“Boston is in this moment of incredible population growth [and] economic robustness, and we’re hoping to harness those goals toward the long term goals of our population as a whole, which include affordability, climate resilience, being able to take advantage of technology and making sure that everyone has access to opportunity in Boston,” Emanuel said.
The planning process for Imagine Boston 2030 took over a year, according to Uturbey.
“We’ve been capturing what folks think, how they envision the future, what they’re most thoughtful of, worried about, all these things,” Urtubey said. “For us it was really important for folks to be able to be in real life with some of these concepts, and be able to visualize and see what we’re talking about in the document.”
The walking tour of Allston and Brighton allowed city officials to get feedback on the concept of expanded neighborhoods, a way for the city to maximize land usage for resident use, according to Urtubey.
“We’re going to be talking about Beacon [Park] Yards … to really think about how do we imagine an area that doesn’t have anything at all, and really think about how to build a great neighborhood,” Urtubey said.
Beacon Park Yards is being redeveloped through a partnership between Harvard University and the state, according to Urtubey. The city has three main goals for the site, Mark Handley, the associate director for government and community relations at Harvard University, said during the tour.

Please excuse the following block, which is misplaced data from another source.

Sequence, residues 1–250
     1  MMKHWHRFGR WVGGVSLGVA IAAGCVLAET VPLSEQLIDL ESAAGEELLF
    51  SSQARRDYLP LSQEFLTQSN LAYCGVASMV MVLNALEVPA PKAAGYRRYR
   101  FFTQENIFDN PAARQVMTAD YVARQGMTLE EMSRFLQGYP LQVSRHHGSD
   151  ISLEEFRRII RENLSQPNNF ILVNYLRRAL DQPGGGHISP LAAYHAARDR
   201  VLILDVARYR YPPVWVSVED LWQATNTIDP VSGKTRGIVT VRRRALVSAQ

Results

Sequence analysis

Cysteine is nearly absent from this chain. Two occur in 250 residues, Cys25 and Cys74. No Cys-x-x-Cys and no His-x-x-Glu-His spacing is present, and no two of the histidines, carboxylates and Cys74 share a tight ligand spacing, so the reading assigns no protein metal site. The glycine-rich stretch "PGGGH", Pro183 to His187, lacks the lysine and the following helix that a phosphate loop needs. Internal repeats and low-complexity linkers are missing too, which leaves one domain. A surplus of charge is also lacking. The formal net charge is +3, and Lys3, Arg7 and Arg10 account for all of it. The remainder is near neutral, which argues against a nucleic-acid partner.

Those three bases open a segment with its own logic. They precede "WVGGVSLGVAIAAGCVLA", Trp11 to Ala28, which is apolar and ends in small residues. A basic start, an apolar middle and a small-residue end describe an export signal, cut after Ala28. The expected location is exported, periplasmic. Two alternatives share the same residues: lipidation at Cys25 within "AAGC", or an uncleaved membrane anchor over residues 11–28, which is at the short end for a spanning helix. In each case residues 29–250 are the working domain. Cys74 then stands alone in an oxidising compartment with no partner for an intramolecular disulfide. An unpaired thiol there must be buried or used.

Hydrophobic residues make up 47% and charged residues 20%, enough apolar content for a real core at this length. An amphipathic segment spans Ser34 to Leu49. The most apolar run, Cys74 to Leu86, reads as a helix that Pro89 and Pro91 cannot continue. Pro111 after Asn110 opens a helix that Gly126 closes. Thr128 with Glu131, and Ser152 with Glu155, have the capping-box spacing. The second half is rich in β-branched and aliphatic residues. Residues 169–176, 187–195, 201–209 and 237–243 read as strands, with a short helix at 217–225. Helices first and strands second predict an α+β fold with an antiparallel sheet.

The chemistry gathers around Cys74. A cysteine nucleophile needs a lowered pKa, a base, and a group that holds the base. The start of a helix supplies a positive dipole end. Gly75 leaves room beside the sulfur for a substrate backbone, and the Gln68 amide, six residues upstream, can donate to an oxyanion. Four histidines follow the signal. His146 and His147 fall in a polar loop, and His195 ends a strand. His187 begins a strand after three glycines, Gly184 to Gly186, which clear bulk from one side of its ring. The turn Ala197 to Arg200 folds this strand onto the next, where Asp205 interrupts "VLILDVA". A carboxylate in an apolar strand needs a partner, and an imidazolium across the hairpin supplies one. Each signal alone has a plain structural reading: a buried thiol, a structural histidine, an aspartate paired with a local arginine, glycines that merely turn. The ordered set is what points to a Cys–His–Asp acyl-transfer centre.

The first goal is to create a brand-new, mixed-use neighborhood that would provide jobs and housing, Handley said. The site would include office space and biotechnology, life science and medical uses, Handley said. The site would also be sustainable, transit-accessible and transit-oriented.
The second goal, Handley said during the tour, is to open a multimodal transit station that would provide commuter rail access and would introduce new bus-rapid transit service.
The final goal is to improve the condition and safety of the turnpike infrastructure that is located next to Beacon Park Yards, according to Handley. This would involve the replacement of the Massachusetts Turnpike bridge that runs through Beacon Park Yards with a new bridge closer to the rail lines, Handley said during the tour.
Kerry Molloy, 28, of Allston said she attended the walk because she cares about Allston remaining an affordable community.
“I would like to see Boston, as having vibrant neighborhoods, a vibrant community, a place where people want to live, where people can afford to live,” Molloy said. “I would prefer us not to be at the top of the most expensive places to live; I prefer we be further down that list. Taking the Boston we have now and making it better and more livable and more affordable to live.”
Sarah Hosman, 33, of Brighton, said she sees some people excited for changes happening to the community and some that are not, but she nevertheless enjoys seeing the change happen.
“Some of the most interesting things I’ve seen are some of the public art initiatives in Allston, and really harnessing Allston’s identity as a center of culture and music, and really capturing that in some of the public art,” Hosman said.
David Fisher, 26, of Allston, said he hopes to see Boston as a thriving, equitable and sustainable city in 2030.
“If nothing changes as time goes on, climate change will only exacerbate the inequities of the city,” Fisher said. “I think it’s important find a way to make the city more resilient.”